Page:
Mending Roundup: Yeses and Nos
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I’ve made a couple of repairs to our wardrobes lately… and “noped” out of some others. For all, I have made do with supplies on hand. Here’s how it looks.
1 school uniform shirt (not pictured)
Don’t get me started on the uniforms. Shirts are $10 apiece(!) for a school that is ninety-percent-plus free and reduced lunch (yes, my kids, too) stain easily, and often wear out in a single school year. And this year the sizes changed and Little Brother will wear only last year’s grubby shirts because the new ones are too big.
Anyway, within the first two weeks of school, the seam under Big Brother’s armpit gave way in one of the new shirts. Stitched it up with needle and thread, by hand.
1 Goodwill sweater
I like this sweater, which is Loft brand and was $5 in excellent condition (thanks, Grandma FP). The underarm seam started to give way. I didn’t have any yarn-type thread, so I just used a double strand of regular thread. I didn’t have yellow so I just used white and tried to keep all the stitches on the inside. So far, the results are satisfactory, although the repair is visible from the outside if you look really closely. (Fortunately, people rarely shove their heads under my arms.) When I buy sweaters new, I generally do a pretty good job of keeping track of the repair thread, but this was from Goodwill, so no such luck.
I do not own a lot of bras so I was dismayed when I went to put this one on and felt a pop in the back. The little slider that adjusts the straps had broken.
Fortunately, I already had a set of lingerie repair doodads (Dritz Lingerie Strap Slides & Rings, if you want to get fancy–I probably bought them at Joann or Walmart) from a dress I had repaired and even had the right color.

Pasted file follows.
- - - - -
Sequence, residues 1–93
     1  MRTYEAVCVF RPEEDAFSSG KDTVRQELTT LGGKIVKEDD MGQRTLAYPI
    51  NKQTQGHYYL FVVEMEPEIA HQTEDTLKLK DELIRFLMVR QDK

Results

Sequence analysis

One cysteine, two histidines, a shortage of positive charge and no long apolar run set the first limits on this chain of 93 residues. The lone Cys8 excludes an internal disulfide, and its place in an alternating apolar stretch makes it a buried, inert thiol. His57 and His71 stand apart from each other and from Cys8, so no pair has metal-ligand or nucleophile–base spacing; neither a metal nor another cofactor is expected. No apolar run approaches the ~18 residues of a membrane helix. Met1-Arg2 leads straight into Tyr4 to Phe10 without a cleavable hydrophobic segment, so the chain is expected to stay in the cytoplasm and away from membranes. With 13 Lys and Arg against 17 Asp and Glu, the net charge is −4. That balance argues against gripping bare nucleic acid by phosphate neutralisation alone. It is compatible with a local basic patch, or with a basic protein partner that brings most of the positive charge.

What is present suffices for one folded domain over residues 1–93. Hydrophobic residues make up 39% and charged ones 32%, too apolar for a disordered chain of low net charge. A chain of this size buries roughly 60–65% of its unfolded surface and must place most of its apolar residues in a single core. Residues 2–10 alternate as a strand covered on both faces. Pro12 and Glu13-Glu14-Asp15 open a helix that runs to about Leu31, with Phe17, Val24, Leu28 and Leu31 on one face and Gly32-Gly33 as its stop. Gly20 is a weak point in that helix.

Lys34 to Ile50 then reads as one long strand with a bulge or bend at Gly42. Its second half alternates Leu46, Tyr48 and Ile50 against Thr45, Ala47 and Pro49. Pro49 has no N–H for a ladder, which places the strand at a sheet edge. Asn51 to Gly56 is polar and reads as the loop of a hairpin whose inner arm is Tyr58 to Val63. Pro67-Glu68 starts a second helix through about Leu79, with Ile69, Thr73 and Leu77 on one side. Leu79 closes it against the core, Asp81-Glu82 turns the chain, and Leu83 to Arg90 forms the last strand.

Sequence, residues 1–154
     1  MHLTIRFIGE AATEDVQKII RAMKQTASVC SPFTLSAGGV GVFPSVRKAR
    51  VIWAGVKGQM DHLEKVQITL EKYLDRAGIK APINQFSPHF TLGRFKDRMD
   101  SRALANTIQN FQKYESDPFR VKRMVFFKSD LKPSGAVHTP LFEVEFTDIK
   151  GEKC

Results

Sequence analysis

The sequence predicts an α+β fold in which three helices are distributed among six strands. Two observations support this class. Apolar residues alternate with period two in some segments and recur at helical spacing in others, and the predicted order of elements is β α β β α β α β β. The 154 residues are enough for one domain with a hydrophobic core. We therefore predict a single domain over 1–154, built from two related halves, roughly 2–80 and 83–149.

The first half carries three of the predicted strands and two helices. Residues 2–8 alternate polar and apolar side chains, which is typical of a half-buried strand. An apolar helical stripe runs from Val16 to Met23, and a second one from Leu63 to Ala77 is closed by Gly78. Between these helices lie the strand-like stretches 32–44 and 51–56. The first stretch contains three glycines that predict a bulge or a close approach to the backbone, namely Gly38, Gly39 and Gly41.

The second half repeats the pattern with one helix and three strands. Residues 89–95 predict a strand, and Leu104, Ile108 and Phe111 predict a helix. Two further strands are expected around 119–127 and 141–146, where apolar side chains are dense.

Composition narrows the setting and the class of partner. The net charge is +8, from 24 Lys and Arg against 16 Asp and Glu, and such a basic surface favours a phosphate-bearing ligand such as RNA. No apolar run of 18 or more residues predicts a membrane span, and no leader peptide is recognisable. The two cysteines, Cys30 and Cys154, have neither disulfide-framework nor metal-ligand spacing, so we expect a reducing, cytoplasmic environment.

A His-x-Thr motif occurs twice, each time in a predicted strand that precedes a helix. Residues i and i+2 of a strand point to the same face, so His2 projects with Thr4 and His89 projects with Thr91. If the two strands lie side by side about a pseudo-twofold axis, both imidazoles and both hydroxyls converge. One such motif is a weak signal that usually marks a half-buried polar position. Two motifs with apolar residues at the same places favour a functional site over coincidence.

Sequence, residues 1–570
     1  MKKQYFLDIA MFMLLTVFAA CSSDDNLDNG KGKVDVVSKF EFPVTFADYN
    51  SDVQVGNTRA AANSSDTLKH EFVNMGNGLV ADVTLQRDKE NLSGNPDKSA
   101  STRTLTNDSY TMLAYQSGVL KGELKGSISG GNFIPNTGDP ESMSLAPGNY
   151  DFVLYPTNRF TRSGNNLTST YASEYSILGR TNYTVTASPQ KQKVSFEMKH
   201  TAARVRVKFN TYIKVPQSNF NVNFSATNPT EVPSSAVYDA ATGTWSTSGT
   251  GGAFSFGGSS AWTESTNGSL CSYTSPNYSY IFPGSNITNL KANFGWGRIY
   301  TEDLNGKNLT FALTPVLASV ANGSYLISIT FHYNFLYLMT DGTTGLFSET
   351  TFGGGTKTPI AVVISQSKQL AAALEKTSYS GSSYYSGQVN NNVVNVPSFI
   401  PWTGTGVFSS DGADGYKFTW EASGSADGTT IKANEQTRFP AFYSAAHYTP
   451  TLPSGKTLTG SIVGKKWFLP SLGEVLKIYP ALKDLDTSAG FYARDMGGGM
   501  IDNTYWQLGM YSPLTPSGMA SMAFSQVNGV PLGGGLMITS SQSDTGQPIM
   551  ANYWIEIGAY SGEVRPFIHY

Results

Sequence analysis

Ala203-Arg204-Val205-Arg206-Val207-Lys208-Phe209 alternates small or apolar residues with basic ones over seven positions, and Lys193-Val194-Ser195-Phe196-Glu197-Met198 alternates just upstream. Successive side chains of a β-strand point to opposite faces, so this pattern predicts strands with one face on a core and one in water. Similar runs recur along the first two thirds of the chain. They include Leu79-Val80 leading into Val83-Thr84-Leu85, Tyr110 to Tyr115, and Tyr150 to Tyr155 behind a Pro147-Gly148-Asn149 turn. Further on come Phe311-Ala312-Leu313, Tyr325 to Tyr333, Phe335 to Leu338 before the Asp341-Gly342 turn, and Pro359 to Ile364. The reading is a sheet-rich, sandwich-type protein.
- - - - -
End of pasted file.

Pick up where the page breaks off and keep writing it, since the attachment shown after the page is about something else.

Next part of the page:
Unfortunately, I got confused and snipped off the strap that was NOT broken. So I had to re-sew both sides. I sewed by hand while watching TV using a thimble that came in one of those hotel sewing kits–you have to push hard to get through multiple strap layers.
Nope, not worth it: Old Navy pants
Both boys had these Old Navy cargo pants for school. They were on sale and I thought they were cute. Unfortunately, the fabric is thin and wears through quickly. Also, the narrow legs and knee gussets make repair challenging. While I have a package of iron-on patches, they tend to peel and I like to machine-sew them in place. Machine sewing also helps the patch adhere to the ripped area.
I tried to keep these going, I really did. But patch after patch after patch… No. It looks dreadful and is a ton of work. You can see below how the patches are a mess inside, layered on top of each other, and visible from the outside, and then new holes are showing. I was going to the half-price day of a semiannual consignment sale event and just got LB some replacement pants for a couple bucks each.
I am hoping that Costco will get in a new shipment of their French Toast uniform pants in the fall. These are nice thick fabric. I had bought maybe 7 pairs altogether for Big Brother at $10 each. Only one pair has ripped, and Costco gave my money back. LB was too small for them this year as the smallest size they had was 5, but by fall, he should be able to wear them. At least in a “to grow into” kind of way.
What are you mending lately?